Considered by many to be one of America’s more estimable cities, Charlottesville, Virginia, has through the years hitched its brand most tightly to the star power of one man: Thomas Jefferson. Jefferson’s physical legacy—Monticello and the University of Virginia—is by any standard remarkable. But it is his intellectual, even moral, legacy—author of the Declaration of Independence, Founder, president—that rightfully holds prominence of place, and one that, until fairly recently, was boasted about without reservation.
Back in the dark ages when all the world came and went by train, the old Chesapeake & Ohio depot at the east end of Main Street featured a big sign to make sure you got the connection right away: “Welcome to Charlottesville: the Home of Thomas Jefferson’s Monticello.” Just west of the depot, you could catch a glimpse of the university Rotunda from the dining car window. Today, the Charlottesville/Albemarle Airport carries an equally proud and updated message: Jefferson quotations circle a replica rotunda just outside the TSA line, and the baggage claim area features snazzy digital likenesses of the great man’s house and the grounds of his university.
For a long time, it seemed a good and proud fit. Then came the summer of 2017 when riots broke out over the question of Charlottesville’s Civil War monuments and parks named for Southern generals. What to do about Confederate generals has created enough of a dilemma, but the tougher knot by far to untie will be Jefferson. Just as Duke University’s officials now find themselves scrambling for ways to soft-pedal the school founder’s problematic history of being a Civil War veteran who made a fortune in tobacco, so too may the University of Virginia’s earnest board members soon find themselves grappling with the problem of the Jefferson brand.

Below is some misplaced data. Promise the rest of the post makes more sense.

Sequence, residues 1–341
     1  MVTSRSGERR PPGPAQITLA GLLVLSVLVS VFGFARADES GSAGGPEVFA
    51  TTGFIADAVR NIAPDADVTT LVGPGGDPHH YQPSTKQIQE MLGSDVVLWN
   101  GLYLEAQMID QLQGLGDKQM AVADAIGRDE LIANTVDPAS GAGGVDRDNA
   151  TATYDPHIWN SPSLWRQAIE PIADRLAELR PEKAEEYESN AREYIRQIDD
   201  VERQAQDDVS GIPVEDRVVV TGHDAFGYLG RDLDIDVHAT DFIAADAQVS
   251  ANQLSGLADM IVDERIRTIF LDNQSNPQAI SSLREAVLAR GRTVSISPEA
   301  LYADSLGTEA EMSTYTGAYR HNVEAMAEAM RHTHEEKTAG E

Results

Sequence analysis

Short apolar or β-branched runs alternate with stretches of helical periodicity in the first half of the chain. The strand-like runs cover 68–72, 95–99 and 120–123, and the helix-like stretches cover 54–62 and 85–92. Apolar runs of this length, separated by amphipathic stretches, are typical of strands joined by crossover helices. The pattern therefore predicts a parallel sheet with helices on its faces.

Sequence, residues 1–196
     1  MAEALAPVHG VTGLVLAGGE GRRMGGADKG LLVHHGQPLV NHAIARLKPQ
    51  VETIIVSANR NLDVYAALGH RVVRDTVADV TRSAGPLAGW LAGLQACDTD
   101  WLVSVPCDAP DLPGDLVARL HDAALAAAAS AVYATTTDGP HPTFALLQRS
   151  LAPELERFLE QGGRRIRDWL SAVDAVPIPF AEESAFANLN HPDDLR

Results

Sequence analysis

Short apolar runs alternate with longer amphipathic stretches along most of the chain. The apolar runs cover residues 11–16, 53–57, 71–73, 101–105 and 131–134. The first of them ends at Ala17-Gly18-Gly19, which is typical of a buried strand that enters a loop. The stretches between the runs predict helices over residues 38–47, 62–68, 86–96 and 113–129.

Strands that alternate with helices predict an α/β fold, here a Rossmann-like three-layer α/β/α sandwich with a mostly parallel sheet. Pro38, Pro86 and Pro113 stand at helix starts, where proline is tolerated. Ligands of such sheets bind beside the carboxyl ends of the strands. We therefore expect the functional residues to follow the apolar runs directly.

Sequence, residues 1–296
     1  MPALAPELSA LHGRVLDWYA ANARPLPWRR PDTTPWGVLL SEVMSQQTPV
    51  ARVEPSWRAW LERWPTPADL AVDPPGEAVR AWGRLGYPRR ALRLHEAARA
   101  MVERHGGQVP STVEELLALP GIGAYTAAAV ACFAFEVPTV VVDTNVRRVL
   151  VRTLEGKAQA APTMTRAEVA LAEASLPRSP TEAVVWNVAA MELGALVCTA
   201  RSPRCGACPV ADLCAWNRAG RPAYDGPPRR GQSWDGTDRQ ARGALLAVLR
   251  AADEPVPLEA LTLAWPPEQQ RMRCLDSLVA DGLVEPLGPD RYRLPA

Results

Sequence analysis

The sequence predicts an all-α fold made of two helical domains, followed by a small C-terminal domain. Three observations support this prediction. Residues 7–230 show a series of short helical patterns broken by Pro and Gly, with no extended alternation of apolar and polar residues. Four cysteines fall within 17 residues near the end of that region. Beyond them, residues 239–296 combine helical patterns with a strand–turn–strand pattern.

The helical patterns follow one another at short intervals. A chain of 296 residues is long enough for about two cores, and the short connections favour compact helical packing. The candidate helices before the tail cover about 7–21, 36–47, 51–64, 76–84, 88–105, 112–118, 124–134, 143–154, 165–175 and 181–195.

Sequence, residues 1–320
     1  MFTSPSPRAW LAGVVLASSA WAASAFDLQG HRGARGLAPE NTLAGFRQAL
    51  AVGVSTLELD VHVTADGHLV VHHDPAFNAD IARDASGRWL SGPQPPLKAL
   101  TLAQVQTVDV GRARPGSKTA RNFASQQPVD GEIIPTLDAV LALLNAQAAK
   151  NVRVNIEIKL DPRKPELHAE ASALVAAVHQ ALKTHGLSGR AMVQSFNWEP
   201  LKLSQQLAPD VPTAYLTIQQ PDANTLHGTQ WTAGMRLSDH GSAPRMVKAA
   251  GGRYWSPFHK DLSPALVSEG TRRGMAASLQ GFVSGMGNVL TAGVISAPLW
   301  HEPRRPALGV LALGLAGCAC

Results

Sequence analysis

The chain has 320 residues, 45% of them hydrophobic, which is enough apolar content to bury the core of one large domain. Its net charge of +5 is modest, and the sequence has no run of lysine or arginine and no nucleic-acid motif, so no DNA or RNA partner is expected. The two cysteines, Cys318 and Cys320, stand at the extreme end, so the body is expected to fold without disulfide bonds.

Today, with everyone from CEOs to fresh MBAs, from pastors to generals to new graduates busily crafting their own personal brands, the brand bar gets lower every day. But then brands and branding have long been built on mundane items like soap and cigarettes, virtually identical products that were differentiated and made aspirational through the magic of marketing. A merely good brand was one that associated a particular good or service with a trend or fashion, in which context the good or service became more desirable. A truly great brand was one that lasted through time and begot reputation.
When it comes to Founders, surely George Washington would have been the better bet than Jefferson. Of all the Founders, Washington’s brand has proven sturdiest, although he would have scorned the idea of branding as crass and grasping. To him, both private and public life were about reputation beginning to end, and no man cared more about it or left behind one quite so durable. Washington stood and stands for incorruptibility, solidity, steadfastness. What’s more—and very important this in these days—he freed his slaves and, as far as we know, didn’t sleep with any.